Hot Chocolate

This cup of liquid comfort has a history all its own.
By Kathi Ferguson 
 
   There is something about a cup of rich hot chocolate that warms the soul on a chilly winter’s day. But have you ever thought about the origins of this delicious beverage?
 
   Long before people indulged in yummy brownies, cakes, and other such treats, chocolate was consumed in liquid form. As early as 500 BC, the Mayans were drinking a cold, bitter brew they called “
xocoatl” (shoh-KWAH-tul), typically made from a concoction of ground cocoa seeds mixed with water, cornmeal, and chile peppers. The Spanish were introduced to the drink after conquistadors brought cocoa beans and chocolate drink-making tools to Europe in the early 1500s. It wasn’t long before the Spaniards sweetened things up by adding sugar, cinnamon, and other spices to the mix, and serving it hot. 
 
   London would be next to catch the bug when the beverage hit England in the 1700s. “Chocolate Houses”, similar to present day coffee shops, became all the rage, even though chocolate was quite pricey. Frequented by politicians, socialites, and writers, many of the gatherings in these establishments were very elite, and the drink was often served in elegantly designed pitchers made out of gold, silver and porcelain.
 
   From the middle of the seventeenth century onwards, chocolate enjoyed great success in Great Britain, particularly after the conquest of Jamaica, giving the British direct access to cacao production. After chocolate was introduced in England, milk was added to the popular after-dinner treat.  
 
   In the good old U.S. of A., “hot chocolate” pretty much translates to any hot drink made with chocolate ingredients. Although, hot cocoa is what most are actually consuming. What’s the difference? Hot cocoa is made from cocoa powder, which is chocolate pressed free of all its yummy richness, meaning the fat of cocoa butter. Hot chocolate is typically made from chocolate bars melted into cream, creating a rich and decadent indulgence.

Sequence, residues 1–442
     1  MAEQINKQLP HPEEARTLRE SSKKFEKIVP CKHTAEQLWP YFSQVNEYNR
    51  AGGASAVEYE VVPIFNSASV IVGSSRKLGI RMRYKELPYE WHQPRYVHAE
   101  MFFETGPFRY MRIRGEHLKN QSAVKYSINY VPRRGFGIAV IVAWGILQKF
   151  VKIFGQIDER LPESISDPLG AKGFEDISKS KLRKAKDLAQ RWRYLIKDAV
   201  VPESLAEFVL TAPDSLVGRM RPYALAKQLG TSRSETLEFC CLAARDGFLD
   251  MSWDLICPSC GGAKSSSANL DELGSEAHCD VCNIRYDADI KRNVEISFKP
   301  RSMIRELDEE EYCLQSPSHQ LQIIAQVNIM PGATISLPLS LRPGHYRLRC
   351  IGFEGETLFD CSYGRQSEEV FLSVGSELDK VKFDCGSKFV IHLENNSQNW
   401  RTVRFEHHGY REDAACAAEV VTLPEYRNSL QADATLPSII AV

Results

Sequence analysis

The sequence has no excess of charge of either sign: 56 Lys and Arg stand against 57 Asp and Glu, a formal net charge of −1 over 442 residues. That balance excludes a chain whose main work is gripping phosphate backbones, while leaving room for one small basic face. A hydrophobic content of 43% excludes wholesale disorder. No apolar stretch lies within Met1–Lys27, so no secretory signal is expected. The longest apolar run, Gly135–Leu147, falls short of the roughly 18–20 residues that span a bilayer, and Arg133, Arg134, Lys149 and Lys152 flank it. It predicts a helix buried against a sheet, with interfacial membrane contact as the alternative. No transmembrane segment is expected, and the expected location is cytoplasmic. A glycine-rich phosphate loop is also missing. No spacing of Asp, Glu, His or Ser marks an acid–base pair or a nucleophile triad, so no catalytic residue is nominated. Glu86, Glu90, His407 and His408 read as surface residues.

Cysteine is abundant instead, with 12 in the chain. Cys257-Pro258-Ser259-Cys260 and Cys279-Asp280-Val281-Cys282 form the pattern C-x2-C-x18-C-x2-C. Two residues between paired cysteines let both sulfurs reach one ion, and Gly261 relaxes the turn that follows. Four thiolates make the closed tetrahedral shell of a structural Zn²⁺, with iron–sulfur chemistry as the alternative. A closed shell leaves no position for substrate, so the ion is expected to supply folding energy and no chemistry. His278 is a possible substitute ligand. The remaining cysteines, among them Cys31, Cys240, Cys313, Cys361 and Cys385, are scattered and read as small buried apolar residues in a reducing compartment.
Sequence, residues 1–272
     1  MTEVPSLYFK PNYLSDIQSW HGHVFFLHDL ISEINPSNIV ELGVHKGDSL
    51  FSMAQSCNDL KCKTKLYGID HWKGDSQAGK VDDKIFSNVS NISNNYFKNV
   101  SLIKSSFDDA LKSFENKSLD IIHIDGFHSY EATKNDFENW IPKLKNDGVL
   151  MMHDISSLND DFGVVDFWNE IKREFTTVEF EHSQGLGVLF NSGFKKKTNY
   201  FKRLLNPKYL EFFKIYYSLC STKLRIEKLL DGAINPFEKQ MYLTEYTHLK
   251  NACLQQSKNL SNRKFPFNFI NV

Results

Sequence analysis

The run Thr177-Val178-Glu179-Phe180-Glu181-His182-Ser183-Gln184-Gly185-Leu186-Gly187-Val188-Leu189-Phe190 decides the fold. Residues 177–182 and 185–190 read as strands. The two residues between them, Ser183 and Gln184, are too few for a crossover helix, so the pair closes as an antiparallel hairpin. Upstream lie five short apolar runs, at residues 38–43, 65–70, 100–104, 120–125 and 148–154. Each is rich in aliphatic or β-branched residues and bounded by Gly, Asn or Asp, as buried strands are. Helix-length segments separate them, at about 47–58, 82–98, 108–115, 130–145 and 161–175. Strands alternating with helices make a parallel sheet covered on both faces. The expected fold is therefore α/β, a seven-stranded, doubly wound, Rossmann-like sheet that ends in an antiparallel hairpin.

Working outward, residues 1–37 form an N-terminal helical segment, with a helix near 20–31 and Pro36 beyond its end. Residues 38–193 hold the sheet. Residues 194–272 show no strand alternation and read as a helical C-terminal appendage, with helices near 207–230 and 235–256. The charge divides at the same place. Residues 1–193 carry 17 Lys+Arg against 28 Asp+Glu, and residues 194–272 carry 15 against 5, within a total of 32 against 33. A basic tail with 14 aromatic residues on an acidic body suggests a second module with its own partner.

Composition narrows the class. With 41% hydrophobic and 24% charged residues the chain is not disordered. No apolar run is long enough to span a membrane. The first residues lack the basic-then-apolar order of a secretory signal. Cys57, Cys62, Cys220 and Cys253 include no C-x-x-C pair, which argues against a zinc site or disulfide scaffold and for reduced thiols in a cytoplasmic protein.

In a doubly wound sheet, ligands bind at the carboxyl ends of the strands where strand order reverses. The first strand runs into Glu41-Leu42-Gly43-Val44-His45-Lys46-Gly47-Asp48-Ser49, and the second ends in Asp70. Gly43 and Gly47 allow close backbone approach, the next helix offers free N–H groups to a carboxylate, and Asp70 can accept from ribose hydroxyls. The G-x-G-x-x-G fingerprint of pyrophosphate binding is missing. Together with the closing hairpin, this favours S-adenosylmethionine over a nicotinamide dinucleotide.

From cold and bitter, to warm and sweet, hot chocolate as we know it is here to stay, guaranteed to bring a smile to many a face at the very first sip. And, remember - a generous dollop of whipped cream doesn’t hurt!
 
In recent years, restaurants, bakeries, and coffee shops have experimented with new twists on hot chocolate, or just working to perfect the traditional.
 
Here are some spots on Delmarva worth checking out!
 
Bay Country Bakery 
2951 Ocean Gateway
Cambridge, MD
410-228-9111
 
Fields of Heather Bakery 
1553 Postal Road
Chester, MD
410-643-3987
 
Java Rock Coffee House 
21309 East Sharp Street
Rock Hall, MD
410-639-9909
 
Whereabouts Café 
214 Peoples Plaza
Newark, DE
302-836-3365